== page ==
Statistics is an extremely practical tool used in many business applications ranging from quality control in manufacturing, Netflix recommendations to Google ads. However, it is also an abstract topic that intimidates and frustrates many students. To help students learn and apply statistics more effectively, I asked them to go house shopping. Well, they just needed to pretend to buy a house. With an unlimited budget, each student was asked to pick a real estate property in the Williamsburg area listed on Zillow, and enter data about the property using a survey. Then, we spent the rest of the semester calculating numbers and analyzing the dataset in different ways. View the dataset and different analyses.
When we computed deviations or residuals, I asked students to compute these scores using their selected real estate properties. Then, I asked them to write down their scores on their own “data dots,” or round-shaped sticky notes. We then put them up on a whiteboard to construct a histogram or a scatterplot.
This exercise is useful in many ways. Students get to clearly distinguish measures that belong to an individual case, such as deviation, from measures that belong to an entire dataset, such as standard deviation. They also develop a deeper appreciation of the relationship between a case and a dataset.
Real estate datasets are a good choice for two key reasons. (1) The business domain knowledge is easily accessible to the general population. For example, most people intuitively understand that bigger houses (i.e., larger square footage) are probably more expensive, and adding a bathroom would probably increase the value of the property. Also, (2) the relationships amongst the variables are usually strong and predictable. For example, the number of bedrooms is always highly correlated with the number of bathrooms. Each additional bedroom always adds a significant chunk of value. Therefore, as an instructor, I don’t have to worry whether the statistical magic will work again in a new semester.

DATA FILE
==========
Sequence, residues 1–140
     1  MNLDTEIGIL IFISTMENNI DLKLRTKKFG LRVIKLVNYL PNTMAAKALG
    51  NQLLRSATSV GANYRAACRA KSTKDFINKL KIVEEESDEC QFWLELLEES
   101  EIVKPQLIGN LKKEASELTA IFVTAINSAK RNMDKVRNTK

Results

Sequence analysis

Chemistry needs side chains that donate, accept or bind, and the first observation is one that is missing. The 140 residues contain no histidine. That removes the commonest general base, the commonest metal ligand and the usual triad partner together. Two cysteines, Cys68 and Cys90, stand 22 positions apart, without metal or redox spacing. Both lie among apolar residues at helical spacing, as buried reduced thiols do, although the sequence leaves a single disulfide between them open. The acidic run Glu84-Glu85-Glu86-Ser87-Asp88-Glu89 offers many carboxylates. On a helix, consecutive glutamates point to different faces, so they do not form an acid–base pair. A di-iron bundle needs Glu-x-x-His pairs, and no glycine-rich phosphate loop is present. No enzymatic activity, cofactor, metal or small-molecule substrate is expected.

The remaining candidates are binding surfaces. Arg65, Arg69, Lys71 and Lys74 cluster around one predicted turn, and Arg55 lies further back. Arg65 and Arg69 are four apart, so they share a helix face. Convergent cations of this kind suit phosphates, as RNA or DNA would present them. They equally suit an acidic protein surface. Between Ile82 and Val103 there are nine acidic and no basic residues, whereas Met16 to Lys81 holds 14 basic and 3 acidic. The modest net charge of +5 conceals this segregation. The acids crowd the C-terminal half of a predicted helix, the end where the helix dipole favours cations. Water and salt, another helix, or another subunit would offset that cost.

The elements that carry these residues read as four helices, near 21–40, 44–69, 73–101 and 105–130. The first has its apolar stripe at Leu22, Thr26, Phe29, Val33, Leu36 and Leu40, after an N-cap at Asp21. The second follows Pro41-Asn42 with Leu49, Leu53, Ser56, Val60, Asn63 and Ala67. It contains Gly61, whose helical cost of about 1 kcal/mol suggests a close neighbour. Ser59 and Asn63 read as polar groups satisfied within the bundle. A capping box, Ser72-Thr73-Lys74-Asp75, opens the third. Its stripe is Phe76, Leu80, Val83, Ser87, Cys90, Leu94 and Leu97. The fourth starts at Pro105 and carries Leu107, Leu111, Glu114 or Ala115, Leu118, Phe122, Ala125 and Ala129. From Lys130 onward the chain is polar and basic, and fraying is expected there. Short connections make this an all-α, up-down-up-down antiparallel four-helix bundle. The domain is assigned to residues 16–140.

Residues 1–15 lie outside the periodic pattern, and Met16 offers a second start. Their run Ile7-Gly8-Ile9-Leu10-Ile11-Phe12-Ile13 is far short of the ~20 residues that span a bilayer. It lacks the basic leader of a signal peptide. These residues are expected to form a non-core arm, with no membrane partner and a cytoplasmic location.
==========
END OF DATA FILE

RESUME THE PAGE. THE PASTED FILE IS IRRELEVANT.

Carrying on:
The survey includes both categorical variables (e.g., Zip Code) and numeric variables (e.g. Price). Price, like most financial data, is always skewed, which gives us the opportunity to discuss transformation. Therefore, we can use the same dataset to run a wide range of analyses by combining different categorical and numeric variables. In fact, we can get through an entire semester using the same dataset and never run out of ideas.
Zillow uses their dataset to produce Zestimate, a real-world application of machine learning predictions for estimating property valuation. Conceptually, Zestimate is intuitive for most people. When students realized that they can build their own Zestimate models after having learned regression analysis, they often got a great sense of accomplishment. We then visited the Zillow Research site together to study additional explanations of Zestimate, and again students felt a great sense of satisfaction when they realized that they could actually understand all the technical jargon that describes how Zestimate works!
As we finished up the semester, we built our own Zestimate equations, made our own predictions, and calculated our prediction accuracies. For example, the beta coefficient told you how much the price would increase if the house had an extra bedroom, or how much the price would drop if the house moved from Zip Code 23185 to 23188. These simple, vivid, and intuitive exercises made the rather abstract concepts easier to digest.
Statistics can be intimidating due to its obscure jargon. Real estate data analysis makes these abstract and technical concepts much more concrete and approachable. Having students participate in the process of putting together a real estate dataset not only makes the dataset more personable, but also serves as an excellent tool to introduce statistical concepts in a gentle, concrete, and enjoyable manner!
© 2021 Rachel Chung. The text of this work is licensed under a Creative Commons BY-NC-ND 4.0 International License.
Meet the Author
Rachel (Tingting) Chung
Clinical Associate Professor in the Raymond A. Mason School of Business